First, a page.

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Essential Science for Teachers: Earth and Space Science

When Continents Collide Children’s Ideas About Mountains

Children’s Ideas About Mountains

Below are common ideas children in grades K-6 have about this topic, compiled from research on children’s ideas about science (see the Session 1 Children’s Ideas Bibliography). Consider what evidence might refute this idea, and why a child would be likely to believe this?

1. Earth was once flat, and water from rain or streams eroded the surface into valleys, leaving the high ground as mountains.

Many children know that the erosive power of water can carve deep canyons into land. One such example is the Grand Canyon, but almost every community has an example of erosion by water that leaves higher ground in its wake. Children may therefore reason that all mountains were carved out of a once-flat Earth. Most mountains are formed through the action of plate tectonics, especially where plates collide. In this session, the collision of continents riding on top of plates was featured as an example.

2. All mountains are formed by molten rock from a volcanic eruption.

The image of lava erupting from a volcano and creating new land is common in print and film media. Children often think that all mountains and volcanoes are closely linked, and often believe that all mountains can become volcanoes. While volcanoes are examples of mountains and mountain building is often associated with volcanic activity, most mountains are not themselves volcanoes and never were. Most mountains are the result of the uplift of land associated with the collision of tectonic plates.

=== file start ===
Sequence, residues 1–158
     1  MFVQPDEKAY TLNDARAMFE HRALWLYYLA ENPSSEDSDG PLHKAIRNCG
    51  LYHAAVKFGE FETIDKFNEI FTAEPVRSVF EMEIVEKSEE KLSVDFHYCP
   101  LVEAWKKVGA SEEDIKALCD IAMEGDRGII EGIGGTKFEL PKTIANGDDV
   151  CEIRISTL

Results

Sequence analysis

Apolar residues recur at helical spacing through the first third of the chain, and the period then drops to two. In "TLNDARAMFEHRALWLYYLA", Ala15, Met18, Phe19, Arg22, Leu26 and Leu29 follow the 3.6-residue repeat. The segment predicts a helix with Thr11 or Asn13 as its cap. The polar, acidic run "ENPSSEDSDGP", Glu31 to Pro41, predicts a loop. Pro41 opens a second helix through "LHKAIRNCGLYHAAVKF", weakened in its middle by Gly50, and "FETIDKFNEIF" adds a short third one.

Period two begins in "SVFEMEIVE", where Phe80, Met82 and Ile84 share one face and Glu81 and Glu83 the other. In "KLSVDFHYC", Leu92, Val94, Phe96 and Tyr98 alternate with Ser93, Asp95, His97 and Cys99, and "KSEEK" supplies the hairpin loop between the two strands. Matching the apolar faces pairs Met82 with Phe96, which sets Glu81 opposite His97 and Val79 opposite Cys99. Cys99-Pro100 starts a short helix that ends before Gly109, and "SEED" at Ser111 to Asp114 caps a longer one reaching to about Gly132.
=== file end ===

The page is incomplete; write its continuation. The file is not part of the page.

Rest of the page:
Bibliography

  • Baxter, J. Learning Science in the Schools: Research Reforming Practice, edited by In Duit and Glynn. Mahwah, NJ: Lawrence Erlbaum Associates: 1999.
  • Broadstock, M.J. “Children’s Understanding of Earth Systems Phenomena in Taiwan.” The Third International Seminar on Misconceptions and Educational Strategies on Science and Mathematics, Misconceptions Trust, Ithaca, NY: 1993.
  • Happs, J. “Mountains.” Science Education Research Unit Paper 202. University of Waikato, New Zealand, 1982.
  • Smith, M., Southard, J. and Mably, C. “Investigating Earth Systems: Our Dynamic Planet.” Teacher’s Edition. Armonk, NY: It’s About Time, 2002.

Series Directory

Essential Science for Teachers: Earth and Space Science

Credits

Produced by Harvard-Smithsonian Center for Astrophysics. 2004.
  • Closed Captioning
  • ISBN: 1-57680-742-8

Sessions